Consider this an e-stocking stuffer from those of us at Campaign K-12, who pass along the following good tidbits to tide you over during the holiday season: Much has been made of a split among Democrats on education policy, but is there a schism on the right, too? Ponder this at Flypaper. A member of Obama's agency review team on education tells a higher education publication that Linda Darling-Hammond, if she wants to, will either have a key role in the White House or in the Ed Department. Will Obama's stimulus package mean tidings of good cheer for schools? Maybe, ...


Not to throw cold water on the education secretary naming party, but did anyone else see that yesterday—while Obama was talking up the benefits of a longer school day and teacher quality during the Arne Duncan announcement—the governor of Alabama was taking steps to cut K-12 education funding by 9 percent? NINE PERCENT! That cut ranks as the biggest Alabama's seen in public school funding in half a century, and surely it's the most severe the country has seen this year. Alabama is only the most recent example of a state so deep in deficit that its governor ...


Rep. Peter Hoekstra of Michigan reportedly won't run for re-election in 2010. Apparently, the Republican is mulling a run for governor of the Wolverine State. Hoekstra has long been one of the most vocal opponents on the House Education and Labor Committee—and in Congress—of the No Child Left Behind Act's expansion of federal power over public schools. Last year, he introduced a bill that would have permitted states to opt out of NCLB's accountability requirements and managed to get more than 60 co-sponsors, including the incoming Republican whip, Rep. Eric Cantor of Virginia. Looks like the scale-back-the-federal-role crowd will...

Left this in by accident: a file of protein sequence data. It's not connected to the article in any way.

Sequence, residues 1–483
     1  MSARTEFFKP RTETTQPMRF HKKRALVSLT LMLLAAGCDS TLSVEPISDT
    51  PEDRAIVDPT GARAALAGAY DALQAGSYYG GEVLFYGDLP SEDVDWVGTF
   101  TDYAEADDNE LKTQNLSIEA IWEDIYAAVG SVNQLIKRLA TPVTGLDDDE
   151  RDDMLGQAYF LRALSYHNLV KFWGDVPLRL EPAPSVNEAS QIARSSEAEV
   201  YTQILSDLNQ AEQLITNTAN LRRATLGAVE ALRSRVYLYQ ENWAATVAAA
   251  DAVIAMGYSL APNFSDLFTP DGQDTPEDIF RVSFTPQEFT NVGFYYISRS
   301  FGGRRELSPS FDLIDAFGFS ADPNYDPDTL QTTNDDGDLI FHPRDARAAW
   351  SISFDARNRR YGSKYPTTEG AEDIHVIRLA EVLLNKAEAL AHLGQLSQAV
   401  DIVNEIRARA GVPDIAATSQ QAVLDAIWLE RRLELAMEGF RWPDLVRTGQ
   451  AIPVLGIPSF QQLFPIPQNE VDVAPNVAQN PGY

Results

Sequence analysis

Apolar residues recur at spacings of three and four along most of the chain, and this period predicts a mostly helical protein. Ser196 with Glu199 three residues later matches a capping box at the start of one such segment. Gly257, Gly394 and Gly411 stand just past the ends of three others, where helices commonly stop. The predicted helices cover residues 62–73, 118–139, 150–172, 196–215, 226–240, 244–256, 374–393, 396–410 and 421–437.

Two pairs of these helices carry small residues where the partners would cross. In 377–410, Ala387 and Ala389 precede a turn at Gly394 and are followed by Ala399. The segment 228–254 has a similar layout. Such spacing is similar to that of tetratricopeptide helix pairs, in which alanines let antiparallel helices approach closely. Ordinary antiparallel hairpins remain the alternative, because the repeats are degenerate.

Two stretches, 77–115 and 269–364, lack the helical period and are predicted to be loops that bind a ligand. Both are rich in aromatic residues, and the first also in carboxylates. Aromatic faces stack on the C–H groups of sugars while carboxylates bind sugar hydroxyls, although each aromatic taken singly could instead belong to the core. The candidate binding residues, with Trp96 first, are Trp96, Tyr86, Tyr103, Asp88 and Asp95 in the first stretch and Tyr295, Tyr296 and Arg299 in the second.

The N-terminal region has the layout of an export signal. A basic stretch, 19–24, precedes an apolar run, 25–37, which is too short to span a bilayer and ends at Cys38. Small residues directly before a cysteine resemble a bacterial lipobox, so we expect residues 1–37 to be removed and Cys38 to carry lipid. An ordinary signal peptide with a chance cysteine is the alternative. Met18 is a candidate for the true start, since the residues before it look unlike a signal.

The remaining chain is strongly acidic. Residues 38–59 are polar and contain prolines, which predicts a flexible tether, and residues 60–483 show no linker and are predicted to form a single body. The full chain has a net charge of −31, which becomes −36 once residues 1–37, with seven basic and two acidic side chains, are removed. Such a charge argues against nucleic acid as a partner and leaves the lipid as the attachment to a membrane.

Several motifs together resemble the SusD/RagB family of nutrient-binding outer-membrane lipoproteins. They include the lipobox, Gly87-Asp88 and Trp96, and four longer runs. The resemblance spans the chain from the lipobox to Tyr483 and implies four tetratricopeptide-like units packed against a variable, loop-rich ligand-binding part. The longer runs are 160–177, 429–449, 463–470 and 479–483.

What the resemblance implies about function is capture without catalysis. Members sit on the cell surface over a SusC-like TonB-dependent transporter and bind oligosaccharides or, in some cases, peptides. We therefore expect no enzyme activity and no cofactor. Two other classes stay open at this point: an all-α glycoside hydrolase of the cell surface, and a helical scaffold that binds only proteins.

Rick Hess of the American Enterprise Institute and Rick Kahlenberg, an author and a senior fellow at Education Sector, will be discussing Obama's education secretary pick.


Chicago education activists share their thoughts on Arne Duncan. Small schools advocate Michael Klonsky, for one, thinks Duncan's been "liberated" by Obama.


Just a few minutes ago, President-elect Obama officially tapped Chicago Public Schools Superintendent Arne Duncan as the next education secretary. In listening to his remarks, it's clear that Obama wants a no-excuses leader who isn't afraid to make tough choices to increase student achievement. Obama, as part of his announcement today in Chicago, touted Duncan's on-the-ground experience making those tough decisions: When faced with tough decisions, Arne doesn’t blink. He’s not beholden to any one ideology – and he doesn’t hesitate for one minute to do what needs to be done. He’s worked tirelessly to improve teacher ...


Washington D.C. Public Schools Chancellor Rhee says an urban superintendent is a good pick for the job.


The Chicago-area media, bloggers, and educators may know Arne Duncan best, and here's what they're saying.


In this video, Obama's new ed. sec. talks about his mom's afterschool program, how basketball skills translate to leadership skills, and what his school reform strategy is.


Even before President-elect Obama makes Arne Duncan's selection as education secretary official, early reaction around the blogsphere is very positive.


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